Metastatic Melanoma: what is it?

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Once melanoma has spread and latched on in other areas of the body, it is known as metastatic melanoma and becomes more difficult to treat. As the above statistics show, early-prevention is key to treating this potentially life-threatening cancer.

What is metastatic melanoma and how does it spread?

Metastatic melanoma simply means that the melanoma has spread from its initial site in the body. This occurs in stage III and stage IV of the four stages of melanoma. Melanoma begins in melanocyte cells found in the innermost layer of the epidermis (the top layer of our skin). Groups of cells begin behaving abnormally and growing excessively, taking over surrounding tissues.

Melanomas can develop from existing moles or skin growths, but, more commonly, they will start as new growth. Once melanoma has begun growing in the skin it can break off and spread to new sites through the lymphatic system and/or blood vessels. When it has spread beyond the skin and into the lymph nodes and/or distant organs, like the liver, lungs brain, bone or soft tissues, it is considered metastatic melanoma.

Metastatic melanoma can be treated through surgeries to remove the tumors, with chemotherapy, immunotherapy, and other treatments. Survival rates vary depending on how much the melanoma has spread, the thickness of the melanomas and other factors.

Melanoma pictures

What causes melanoma?

Anyone can get melanoma, but most cases of melanoma are caused by UV radiation from sunlight; some studies even put incidences of skin cancer caused by sun exposure at around 95%. The UV (ultraviolet) rays from the sun damage skin cells’ ability to repair DNA. When this happens, gene mutations can occur and the risk of cancer increases.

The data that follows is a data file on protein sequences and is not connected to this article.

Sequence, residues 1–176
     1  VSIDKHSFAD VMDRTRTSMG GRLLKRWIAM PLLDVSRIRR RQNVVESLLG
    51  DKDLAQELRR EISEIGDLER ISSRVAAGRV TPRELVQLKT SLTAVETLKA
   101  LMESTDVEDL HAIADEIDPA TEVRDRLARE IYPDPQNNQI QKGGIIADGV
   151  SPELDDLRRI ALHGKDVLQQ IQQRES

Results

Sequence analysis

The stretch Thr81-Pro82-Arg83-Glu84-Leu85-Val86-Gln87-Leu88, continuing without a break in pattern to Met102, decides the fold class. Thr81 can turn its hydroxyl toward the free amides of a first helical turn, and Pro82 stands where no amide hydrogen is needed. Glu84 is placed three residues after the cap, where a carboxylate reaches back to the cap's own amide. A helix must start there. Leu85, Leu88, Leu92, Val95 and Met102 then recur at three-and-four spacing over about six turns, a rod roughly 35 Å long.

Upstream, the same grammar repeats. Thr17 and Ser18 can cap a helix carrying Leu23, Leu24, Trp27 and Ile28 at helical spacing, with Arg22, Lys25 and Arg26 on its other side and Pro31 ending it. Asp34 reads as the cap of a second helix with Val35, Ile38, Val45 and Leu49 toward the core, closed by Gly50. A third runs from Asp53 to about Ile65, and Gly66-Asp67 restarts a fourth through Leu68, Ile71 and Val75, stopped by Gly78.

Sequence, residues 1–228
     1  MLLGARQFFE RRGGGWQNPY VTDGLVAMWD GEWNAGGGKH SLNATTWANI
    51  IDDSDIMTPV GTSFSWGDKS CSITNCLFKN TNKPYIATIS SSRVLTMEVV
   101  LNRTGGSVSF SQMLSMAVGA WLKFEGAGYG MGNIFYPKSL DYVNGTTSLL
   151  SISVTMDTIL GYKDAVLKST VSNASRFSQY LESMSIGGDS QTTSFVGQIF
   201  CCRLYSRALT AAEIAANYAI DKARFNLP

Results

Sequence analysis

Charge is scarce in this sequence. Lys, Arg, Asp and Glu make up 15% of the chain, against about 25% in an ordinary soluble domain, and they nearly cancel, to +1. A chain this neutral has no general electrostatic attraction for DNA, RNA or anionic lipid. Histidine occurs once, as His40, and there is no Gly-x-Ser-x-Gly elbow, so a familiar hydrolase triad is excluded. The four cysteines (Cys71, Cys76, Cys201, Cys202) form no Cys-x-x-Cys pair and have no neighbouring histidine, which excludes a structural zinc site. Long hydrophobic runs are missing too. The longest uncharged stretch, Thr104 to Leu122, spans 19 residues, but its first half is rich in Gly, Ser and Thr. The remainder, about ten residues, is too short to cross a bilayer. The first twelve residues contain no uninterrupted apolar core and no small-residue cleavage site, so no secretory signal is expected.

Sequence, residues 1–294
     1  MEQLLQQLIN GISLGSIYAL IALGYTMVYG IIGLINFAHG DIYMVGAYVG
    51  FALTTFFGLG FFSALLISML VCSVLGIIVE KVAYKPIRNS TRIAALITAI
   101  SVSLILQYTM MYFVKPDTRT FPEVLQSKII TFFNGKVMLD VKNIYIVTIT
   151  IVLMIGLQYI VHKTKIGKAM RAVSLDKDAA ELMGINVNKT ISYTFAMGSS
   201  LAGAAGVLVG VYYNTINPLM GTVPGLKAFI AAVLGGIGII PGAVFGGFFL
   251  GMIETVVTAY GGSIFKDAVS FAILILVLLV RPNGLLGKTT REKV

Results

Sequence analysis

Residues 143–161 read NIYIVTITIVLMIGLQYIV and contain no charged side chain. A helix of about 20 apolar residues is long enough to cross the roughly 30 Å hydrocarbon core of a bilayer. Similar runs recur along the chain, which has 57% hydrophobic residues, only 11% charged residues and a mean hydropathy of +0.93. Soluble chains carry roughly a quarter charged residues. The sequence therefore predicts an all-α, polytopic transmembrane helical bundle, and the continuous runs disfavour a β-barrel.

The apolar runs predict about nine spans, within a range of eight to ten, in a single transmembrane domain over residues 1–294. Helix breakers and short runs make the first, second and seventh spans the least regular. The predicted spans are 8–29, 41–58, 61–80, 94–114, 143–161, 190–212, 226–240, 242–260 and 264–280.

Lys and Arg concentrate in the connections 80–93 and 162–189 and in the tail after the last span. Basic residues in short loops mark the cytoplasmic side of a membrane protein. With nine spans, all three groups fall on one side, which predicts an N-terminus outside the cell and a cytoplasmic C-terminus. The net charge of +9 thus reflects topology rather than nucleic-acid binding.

The risk of melanoma is higher in fair-skinned people and if there is a history of melanoma in the family as gene mutations are passed from one generation to the next.

Stay safe: check your skin

Catching melanoma early is the best form of prevention. Download SkinVision to check your suspicious moles and spots for signs of cancer, connect with doctors and track changes in your skin over time.

Find out even more about melanoma in our post, Melanoma: the complete story.

What does a normal mole look like?

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"The melanoma could have been on my arm for years"
Andrew Bartlett
United Kingdom
"The melanoma could have been on my arm for years"
Andrew Bartlett
United Kingdom

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